Talk to them, and they say all the right things:
Watch them, however, and the New Orleans Hornets (24-20) tell a different story. Two seasons after posting a franchise-best 56-26 record -- a season that seemed the harbinger of future title contention -- they've regressed. And now, they are stuck.
This isn't unusual, of course, to see an NBA team acquire a star or two thanks to the lottery, improve from terrible to good, excite its fans, and then falter just when it borders on contendership. For current references, see Toronto and Chicago.
Two seasons ago, the Hornets improved their record from 39 to 56 wins and took San Antonio to seven games in a second-round playoff series.
Last season, they lost six of their last eight games to slip to 49 wins, then suffered a first-round pratfall by losing to Denver in five games -- with the four losses coming by an average of 31 points.
"They've taken a step back," one NBA scout said of the Hornets. "They're in a weird spot right now."
How did they get to this point? Easy. a series of poor drafts, some questionable free-agent signings and an uncertain coaching situation.
The Hornets hit on three consecutive draft picks from 2003-2005, taking
The Hornets' management complicated matters by overspending in the free-agent market. Perhaps the biggest failed investment was in post-prime
Now, like compulsive shoppers with maxed-out credit cards, the Hornets have had to shift into cost-cutting mode. On Monday, they traded starting guard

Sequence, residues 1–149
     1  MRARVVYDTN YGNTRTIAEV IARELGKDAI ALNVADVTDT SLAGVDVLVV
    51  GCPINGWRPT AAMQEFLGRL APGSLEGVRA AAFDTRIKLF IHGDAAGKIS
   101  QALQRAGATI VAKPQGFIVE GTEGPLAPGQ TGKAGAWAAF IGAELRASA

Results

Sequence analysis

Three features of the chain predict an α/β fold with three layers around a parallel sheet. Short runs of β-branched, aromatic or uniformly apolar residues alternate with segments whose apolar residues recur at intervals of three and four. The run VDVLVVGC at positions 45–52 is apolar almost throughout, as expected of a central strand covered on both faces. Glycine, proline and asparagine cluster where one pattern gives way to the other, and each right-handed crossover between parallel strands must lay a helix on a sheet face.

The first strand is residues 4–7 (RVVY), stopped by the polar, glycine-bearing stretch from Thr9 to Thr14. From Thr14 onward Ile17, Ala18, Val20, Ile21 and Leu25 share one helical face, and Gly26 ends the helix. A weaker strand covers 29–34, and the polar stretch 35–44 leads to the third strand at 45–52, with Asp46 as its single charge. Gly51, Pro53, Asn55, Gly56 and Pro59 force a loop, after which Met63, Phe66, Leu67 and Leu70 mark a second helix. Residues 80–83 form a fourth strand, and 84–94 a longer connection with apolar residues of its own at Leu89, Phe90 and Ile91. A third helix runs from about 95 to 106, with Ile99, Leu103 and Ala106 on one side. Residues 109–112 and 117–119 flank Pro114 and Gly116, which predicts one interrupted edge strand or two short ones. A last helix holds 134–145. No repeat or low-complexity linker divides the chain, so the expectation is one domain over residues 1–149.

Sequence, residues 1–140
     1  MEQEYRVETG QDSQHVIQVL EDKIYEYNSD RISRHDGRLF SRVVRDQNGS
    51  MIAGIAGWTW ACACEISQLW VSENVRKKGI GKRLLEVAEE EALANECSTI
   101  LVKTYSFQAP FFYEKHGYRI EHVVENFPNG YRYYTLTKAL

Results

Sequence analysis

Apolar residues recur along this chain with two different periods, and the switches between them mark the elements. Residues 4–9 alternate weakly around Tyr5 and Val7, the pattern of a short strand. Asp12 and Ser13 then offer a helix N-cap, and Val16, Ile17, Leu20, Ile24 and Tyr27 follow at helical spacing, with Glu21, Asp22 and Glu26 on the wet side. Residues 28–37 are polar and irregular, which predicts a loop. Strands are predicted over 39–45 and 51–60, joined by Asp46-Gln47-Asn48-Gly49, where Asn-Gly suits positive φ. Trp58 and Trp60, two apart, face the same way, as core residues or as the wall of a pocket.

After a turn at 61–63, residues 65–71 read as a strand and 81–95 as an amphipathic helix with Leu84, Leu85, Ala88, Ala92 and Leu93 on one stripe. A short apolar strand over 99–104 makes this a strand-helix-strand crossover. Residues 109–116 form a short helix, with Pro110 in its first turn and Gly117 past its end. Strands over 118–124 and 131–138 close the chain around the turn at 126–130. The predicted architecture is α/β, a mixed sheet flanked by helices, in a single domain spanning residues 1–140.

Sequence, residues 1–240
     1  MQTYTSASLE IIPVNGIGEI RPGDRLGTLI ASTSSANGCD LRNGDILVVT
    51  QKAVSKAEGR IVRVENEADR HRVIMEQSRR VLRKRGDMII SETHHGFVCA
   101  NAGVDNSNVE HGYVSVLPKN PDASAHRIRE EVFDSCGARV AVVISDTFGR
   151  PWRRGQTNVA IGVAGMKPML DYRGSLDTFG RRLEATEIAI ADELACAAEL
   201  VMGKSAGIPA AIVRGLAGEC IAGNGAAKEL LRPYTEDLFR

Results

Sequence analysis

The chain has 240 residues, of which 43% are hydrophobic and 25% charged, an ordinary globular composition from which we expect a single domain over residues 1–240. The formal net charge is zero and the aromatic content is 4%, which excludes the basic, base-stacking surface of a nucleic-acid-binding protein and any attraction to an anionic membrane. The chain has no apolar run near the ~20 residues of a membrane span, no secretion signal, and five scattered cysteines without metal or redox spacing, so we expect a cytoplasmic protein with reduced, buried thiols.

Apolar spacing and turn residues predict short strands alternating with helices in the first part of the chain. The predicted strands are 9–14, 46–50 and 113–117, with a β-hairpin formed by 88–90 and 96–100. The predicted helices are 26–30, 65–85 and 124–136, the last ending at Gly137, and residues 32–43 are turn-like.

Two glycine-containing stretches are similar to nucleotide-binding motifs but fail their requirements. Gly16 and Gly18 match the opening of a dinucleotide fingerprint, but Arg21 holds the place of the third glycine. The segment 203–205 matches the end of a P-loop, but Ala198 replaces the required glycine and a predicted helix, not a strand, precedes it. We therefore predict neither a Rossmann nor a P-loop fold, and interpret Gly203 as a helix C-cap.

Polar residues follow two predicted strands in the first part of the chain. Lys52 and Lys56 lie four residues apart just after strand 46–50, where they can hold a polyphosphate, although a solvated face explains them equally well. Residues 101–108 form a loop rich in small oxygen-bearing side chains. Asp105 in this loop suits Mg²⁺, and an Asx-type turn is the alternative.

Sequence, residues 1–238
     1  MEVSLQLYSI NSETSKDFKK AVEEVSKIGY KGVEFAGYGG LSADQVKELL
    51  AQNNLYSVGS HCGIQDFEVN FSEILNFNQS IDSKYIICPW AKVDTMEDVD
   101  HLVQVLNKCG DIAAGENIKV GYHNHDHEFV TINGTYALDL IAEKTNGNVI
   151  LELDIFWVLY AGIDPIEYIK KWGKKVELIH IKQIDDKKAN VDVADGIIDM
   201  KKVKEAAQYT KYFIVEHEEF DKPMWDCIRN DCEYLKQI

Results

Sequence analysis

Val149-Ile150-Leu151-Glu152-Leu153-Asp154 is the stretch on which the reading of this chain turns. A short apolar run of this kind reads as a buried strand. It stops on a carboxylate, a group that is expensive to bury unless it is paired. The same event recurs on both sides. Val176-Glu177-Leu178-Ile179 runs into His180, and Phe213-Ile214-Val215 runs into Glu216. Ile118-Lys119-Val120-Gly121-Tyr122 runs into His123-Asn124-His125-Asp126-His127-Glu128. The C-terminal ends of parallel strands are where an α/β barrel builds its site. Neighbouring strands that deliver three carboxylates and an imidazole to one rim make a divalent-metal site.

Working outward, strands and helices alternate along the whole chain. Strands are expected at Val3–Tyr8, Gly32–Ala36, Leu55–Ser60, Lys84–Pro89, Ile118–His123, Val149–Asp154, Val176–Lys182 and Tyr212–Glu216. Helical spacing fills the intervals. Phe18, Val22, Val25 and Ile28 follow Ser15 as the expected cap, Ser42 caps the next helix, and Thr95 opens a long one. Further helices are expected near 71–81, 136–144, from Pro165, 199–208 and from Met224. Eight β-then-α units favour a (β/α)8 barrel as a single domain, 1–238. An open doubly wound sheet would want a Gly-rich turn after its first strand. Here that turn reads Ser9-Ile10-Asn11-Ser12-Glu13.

And on Tuesday, New Orleans continued its streak of cost-cutting moves by dealing reserve
And to top it all off, New Orleans' coaching situation is equally muddled.
"We're continuing to try to build and get back to that [56-win] level, but we have to take it step by step," he said. "Right now we have to continue to improve as a team ... get wins, you know, one at a time. Get ourselves into playoff position, you know, and then keep working our way to it step by step."
And what are the steps?
"The big thing is, as the season takes place, to prove our place so that we can consistently compete against teams at the top of the conference," Bower said. "And we've done that. We have wins against Phoenix, Atlanta and we've played very well against teams in our division. We have to continue to develop a consistency to play that way on a nightly basis."
Vague, yes, but what else can he say?
The Hornets' foundation is Paul, who nailed the game-winning jumper at Portland on Monday and whose averaging 20.0 points, a league-leading 11.2 assists and 2.25 steals (second best in the league) while shooting 41.7 from three-point range. New Orleans may not find a better point guard or a more optimistic one about his team's future.
"We have everything we need," Paul said. "We have the pieces; we just have to put it together on a nightly basis."
Nice words, but debatable. The Hornets still aren't putting it together on a nightly basis, and they probably have no chance of rebuilding until the summer of 2011 when the contracts of Stojakovic,
Until then they're likely stuck in their "weird spot." The one with no exit in sight.